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GraphQL Contributor Days -- November 1st, 2019

GraphQL Contributor Days is back and in-person! We’re excited to host a special GraphQL Contributor Days after GraphQL Summit on November 1st, 2019 from 10am - 3pm PST in San Francisco, CA.

In partnership with Hasura, this event welcomes any and all interested in GraphQL to join the conversation!

The purpose of the event is for the GraphQL community to come together and discuss some key topics in the GraphQL ecosystem, and facilitate cross collaboration within the community.

Our featured guests are: Tracy Lee - Founder, This Dot & RxJS Core Team Rajoshi Ghosh - Co-Founder, Hasura Tanmai Gopal - Founder, Hasura Ivan Goncharov - GraphQL consultant, Dan Schafer - Software Engineer, Facebook Sasha Solomon - Sr. Software Engineer, Twitter Eve Porcello - Co-Owner, Moon Highway Alex Banks - Instructor, Moon Highway Tim Griesser - Senior Software Engineer, Cypress Shruti Kapoor - Software Engineer, Paypal Jim Gust - Sr. Technical Product Manager, Expedia Dan Boerner - Distinguished Program Manager, Expedia Group Patrick Arminio - Senior Software Engineer, Verve Zhifan Li - Senior Software Engineer, Intuit Christian Nwamba - Senior Cloud Developer Advocate, Microsoft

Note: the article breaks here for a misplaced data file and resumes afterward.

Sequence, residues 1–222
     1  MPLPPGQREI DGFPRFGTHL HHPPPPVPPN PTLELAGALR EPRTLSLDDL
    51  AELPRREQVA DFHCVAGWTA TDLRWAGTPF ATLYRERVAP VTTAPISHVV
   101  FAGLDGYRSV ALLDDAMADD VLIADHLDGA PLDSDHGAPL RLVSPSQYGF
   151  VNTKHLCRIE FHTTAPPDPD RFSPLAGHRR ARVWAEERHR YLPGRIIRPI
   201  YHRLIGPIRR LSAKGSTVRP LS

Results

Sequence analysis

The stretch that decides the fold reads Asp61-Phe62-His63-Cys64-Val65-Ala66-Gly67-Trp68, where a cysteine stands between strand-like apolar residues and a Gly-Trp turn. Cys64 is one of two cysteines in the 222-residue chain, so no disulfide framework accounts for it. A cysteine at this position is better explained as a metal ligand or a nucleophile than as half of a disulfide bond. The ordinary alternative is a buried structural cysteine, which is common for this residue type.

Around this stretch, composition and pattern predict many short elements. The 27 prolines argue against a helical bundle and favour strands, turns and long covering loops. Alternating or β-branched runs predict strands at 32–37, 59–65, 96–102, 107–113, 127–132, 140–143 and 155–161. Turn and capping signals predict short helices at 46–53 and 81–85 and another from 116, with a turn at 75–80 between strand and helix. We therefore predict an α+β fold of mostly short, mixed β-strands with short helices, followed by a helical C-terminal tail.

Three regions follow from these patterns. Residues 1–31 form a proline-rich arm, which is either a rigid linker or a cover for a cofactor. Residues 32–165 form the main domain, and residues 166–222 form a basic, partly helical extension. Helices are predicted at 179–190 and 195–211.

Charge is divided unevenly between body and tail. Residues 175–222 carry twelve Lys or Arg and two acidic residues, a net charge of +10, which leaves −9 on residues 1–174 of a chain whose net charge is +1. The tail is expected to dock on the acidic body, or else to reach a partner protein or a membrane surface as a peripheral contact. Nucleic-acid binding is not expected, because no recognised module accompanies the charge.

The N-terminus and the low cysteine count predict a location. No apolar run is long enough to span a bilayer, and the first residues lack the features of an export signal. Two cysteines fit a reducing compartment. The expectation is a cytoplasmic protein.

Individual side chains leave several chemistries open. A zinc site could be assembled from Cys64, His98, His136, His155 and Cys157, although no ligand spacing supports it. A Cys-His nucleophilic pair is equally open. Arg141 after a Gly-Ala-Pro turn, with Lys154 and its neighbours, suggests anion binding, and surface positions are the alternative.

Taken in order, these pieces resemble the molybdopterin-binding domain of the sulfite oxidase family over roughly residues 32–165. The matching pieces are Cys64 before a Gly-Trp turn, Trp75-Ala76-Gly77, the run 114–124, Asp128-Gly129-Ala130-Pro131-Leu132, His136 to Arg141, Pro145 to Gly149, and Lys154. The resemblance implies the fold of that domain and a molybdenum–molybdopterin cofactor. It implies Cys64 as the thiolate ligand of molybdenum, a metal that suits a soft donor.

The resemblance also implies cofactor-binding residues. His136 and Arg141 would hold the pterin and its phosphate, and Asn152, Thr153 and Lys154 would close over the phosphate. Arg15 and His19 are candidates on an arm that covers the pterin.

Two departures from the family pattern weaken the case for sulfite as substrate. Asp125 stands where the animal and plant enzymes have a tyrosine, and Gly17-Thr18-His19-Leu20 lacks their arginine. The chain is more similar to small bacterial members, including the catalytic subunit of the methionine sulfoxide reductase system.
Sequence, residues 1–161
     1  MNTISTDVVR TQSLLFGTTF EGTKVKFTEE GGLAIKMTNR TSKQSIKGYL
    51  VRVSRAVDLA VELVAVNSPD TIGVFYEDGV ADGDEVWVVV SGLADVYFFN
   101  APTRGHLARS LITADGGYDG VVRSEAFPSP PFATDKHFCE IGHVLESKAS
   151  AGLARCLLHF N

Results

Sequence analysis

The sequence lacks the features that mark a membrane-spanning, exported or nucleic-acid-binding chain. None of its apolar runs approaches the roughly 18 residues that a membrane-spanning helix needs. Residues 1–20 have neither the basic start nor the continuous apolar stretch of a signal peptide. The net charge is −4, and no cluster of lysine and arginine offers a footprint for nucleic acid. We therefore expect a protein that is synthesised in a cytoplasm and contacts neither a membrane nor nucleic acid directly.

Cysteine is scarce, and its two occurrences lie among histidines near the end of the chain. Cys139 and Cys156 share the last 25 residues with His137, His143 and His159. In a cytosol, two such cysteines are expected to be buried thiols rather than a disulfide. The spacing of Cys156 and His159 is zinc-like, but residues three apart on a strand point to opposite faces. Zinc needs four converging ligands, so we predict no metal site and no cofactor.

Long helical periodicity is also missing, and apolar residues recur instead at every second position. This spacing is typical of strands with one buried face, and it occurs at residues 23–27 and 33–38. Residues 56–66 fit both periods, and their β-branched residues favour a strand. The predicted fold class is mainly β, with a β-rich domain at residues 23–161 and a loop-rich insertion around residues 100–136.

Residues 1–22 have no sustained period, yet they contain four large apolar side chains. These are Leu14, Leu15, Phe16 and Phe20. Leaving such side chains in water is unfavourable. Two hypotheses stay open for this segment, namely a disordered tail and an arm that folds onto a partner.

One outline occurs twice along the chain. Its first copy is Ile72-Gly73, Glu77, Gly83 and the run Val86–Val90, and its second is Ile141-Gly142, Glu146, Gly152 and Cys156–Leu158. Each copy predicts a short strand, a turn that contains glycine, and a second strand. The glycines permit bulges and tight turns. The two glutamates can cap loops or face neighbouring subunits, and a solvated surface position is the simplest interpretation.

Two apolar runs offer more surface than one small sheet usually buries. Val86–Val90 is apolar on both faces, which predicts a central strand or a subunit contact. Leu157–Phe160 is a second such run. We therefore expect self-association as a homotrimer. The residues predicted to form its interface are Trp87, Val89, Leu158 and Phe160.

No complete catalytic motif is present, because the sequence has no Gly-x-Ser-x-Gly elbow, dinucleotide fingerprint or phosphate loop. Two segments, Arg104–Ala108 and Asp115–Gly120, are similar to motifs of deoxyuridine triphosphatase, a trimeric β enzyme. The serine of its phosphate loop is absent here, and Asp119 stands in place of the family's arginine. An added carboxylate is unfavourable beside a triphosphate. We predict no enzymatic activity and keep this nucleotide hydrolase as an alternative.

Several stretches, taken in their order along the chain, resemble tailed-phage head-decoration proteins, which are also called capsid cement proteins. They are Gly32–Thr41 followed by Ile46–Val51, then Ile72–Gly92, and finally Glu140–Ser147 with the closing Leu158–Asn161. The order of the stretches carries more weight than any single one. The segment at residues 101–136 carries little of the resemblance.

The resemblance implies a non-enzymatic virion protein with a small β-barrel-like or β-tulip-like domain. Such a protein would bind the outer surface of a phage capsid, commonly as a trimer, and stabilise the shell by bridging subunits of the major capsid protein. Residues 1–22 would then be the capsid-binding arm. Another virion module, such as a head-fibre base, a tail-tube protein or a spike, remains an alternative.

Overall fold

Pictures of guests

& more to be announced!

If you’re interested in attending, sign up for an invitation here.

Have a topic you’d like us to talk about? Leave us a comment below, and let us know!

Don’t forget to follow us on Twitter for updates on all the action @ThisDotMedia!

This Dot Labs is a development consultancy that is trusted by top industry companies, including Stripe, Xero, Wikimedia, Docusign, and Twilio. This Dot takes a hands-on approach by providing tailored development strategies to help you approach your most pressing challenges with clarity and confidence. Whether it's bridging the gap between business and technology or modernizing legacy systems, you’ll find a breadth of experience and knowledge you need. Check out how This Dot Labs can empower your tech journey.